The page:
The remarkable story of The Temple in the Sea.
We stopped a short way from the Pitch Lake for lunch. Bear had goat roti, me a chicken roti. The package came, looked benign and Bear tucked in. BUT on top of the two doubles he had had mid morning, I was in for a VERY rough night. With the gaseous exchanges the boat rocked in her cradle and even the dogs started to howl as if they sensed an earth quake, not just a man passing wind. He leapt up at four and had to rush to the toilet. I rang Jessie the next morning and warned him never to let Bear near any curried chick peas again or I would sue him. Giggling he hung up. I'm still serious. Back to our tour and off we went.
As not to intrude we sat in the van while Jessie explained all about Hindu cremations. En route to our next stop we passed a major cremation site outside San Fernando, four were in progress when we arrived. They look very similar to any other except that the funeral pyre is in the open. Afterward many ashes are cast onto the waters, some are interred in a burial plot much the same as Christians would.
Next stop was a wonderful 'side of the road' fruit and vegetable stall, we all got out and bought bags full of super fresh produce.
Then we arrived at The Temple on the Sea. The Waterloo Cremation Site is next to the grounds behind the gazebo are three places for pyres. A statue of Shiva on the way to the Temple.
Since the middle of the 19th Century when slavery was abolished people from the Indian subcontinent came over to become indentured workmen to tend the sugar cane plantations. At the end of six years they were offered a free passage back to their homeland or given a piece of land to call their own, on one condition, they were Catholic. Most stayed and now 42% of the population here in Trinidad is Indian. Presbyterian churches are also called ‘Indian Churches’ in Trinidad. Many are Hindu. Well over two hundred Hindu mandir, over 100 Muslim masjid, and a Sikh gurudwara can be found there today. During the colonial period Hindus in Trinidad needed to own the land where they wanted to build their mandir, otherwise it might be disrespected or destroyed. Even when they had permission from a plantation owner to build their places of worship, this permission could always be revoked.
A devout Hindu gentleman in Trinidad named Sewdass Sadhu, an indentured labourer who came to Trinidad in 1907, built a siwala near the sea just after WWII ended but he did not own the land. Representatives of the landowners, Tate & Lyle destroyed the temple. Sewdass Sadhu built it again, again it was destroyed. Sadhu built the temple for a third time, the new landowners, Caroni Ltd., destroyed the temple and took Sewdass to court and had him fined £100 or 14 days in prison. But he would not be dissuaded. With great devotion and much effort Sadhu declared if he couldn't build on the land he would just have to build in the sea, Sadhu carried rocks and soil in two buckets and an old lady's bicycle during low tide to build up a pathway and foundation for his temple in the sea - a place that was beyond the reach of the landowners. Thousands of buckets later the temple could be built. In 1970, Sewdass Sadhu died and without a dedicated caregiver, the mandir declined. The tide broke down the surrounding wall and the shrine to the right deteriorated with storms. The murtis were removed, but it was clear that devotees still came to perform puja here. In the 1990's a renewal of the temple began with the support of local citizens and government funding. In 1995 a new temple was created on this site, and a memorial to Sewdass Sadhu was inaugurated for the celebration of Indian Arrival Day.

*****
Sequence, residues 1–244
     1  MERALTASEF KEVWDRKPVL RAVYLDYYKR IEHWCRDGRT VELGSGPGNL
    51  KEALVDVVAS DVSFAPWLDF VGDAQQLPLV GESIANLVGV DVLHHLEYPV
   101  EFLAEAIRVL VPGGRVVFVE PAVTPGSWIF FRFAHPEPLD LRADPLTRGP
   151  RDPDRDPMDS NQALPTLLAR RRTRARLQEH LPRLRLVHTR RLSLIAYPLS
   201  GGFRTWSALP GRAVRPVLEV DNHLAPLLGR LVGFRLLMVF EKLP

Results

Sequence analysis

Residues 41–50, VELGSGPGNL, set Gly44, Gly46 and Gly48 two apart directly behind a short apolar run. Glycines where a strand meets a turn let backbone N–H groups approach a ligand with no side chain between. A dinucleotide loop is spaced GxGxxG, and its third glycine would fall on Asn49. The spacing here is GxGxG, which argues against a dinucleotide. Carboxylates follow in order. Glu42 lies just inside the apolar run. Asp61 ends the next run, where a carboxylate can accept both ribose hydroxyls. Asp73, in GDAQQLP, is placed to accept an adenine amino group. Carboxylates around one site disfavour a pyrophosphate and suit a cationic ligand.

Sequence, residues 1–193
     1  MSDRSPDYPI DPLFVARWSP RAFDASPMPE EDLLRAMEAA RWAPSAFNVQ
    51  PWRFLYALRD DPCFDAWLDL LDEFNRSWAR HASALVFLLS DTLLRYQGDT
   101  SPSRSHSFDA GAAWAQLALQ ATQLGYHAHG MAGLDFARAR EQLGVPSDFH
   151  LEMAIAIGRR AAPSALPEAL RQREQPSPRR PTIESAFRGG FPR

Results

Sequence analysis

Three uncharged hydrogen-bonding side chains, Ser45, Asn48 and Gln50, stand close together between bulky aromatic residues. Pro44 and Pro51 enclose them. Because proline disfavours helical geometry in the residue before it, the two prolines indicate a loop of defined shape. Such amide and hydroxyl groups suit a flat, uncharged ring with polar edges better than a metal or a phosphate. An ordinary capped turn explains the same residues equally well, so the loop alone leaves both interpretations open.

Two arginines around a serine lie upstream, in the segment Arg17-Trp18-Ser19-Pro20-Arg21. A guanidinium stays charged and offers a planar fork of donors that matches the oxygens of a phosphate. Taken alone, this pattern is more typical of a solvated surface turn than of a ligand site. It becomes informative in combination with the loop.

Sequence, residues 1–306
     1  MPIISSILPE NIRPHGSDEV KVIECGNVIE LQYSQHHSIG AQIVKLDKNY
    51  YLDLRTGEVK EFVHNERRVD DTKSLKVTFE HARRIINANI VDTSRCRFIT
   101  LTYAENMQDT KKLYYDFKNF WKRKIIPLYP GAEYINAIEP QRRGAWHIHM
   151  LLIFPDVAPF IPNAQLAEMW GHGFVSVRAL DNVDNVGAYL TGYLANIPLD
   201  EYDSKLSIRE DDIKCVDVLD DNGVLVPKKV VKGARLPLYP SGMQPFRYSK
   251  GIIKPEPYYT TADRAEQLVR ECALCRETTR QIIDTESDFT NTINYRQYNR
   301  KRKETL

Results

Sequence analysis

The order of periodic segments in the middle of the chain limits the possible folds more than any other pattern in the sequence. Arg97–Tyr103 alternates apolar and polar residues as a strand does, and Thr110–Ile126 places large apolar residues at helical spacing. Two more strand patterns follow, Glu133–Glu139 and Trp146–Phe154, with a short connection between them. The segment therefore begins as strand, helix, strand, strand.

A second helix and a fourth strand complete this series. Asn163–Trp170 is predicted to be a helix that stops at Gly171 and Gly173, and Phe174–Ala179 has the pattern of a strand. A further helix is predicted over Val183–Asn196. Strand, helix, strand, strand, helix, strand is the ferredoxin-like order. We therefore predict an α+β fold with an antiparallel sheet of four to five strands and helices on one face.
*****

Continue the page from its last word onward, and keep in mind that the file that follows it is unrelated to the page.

Sewdass Sadhu is now a national hero. His faith and dedication has inspired thousands of people who come here on pilgrimage to honour the deities and their most fervent devotee.
If Sadhu was with us today, he would understand the pain that devotees suffered in August of 2007 when vandals cast several of the temple’s murtis into the sea and desecrated this sacred place. Unlike Sadhu’s time, Trinidadians of all faiths were horrified at this desecration and supported the Hindu community, the temple is now restored. Sewdass Sadhu believed in the power of Mahadev and his own faith to overcome adversity. spiritual strength of Sadhu and all devotees.
A well known site of worship for Hindus as well as a tourist attraction, the temple is a lovely place to come and visit. Five hundred feet into the quiet waters of the Gulf of Paria, it today continues to stand on the very spot Sadhu first built it. The temple was once described as the first of its kind in the western world by Dharmacharya Pundit Krishna Maharaj. With two buckets and an old lady’s bicycle with a carrier at the back, it is amazing that anyone could achieve such a feat.
Even this dog was completely at peace here at this quiet Holy site
The flowers were beautiful even one of the thrown murtis seemed at peace
The Hindu burial ground is behind the wall, beyond the fence is an unmarked field which is the Muslim burial ground.
Would not have missed coming here.
ALL IN ALL JUST GOES TO SHOW WHAT ONE MAN AND DEVOTION CAN ACHIEVE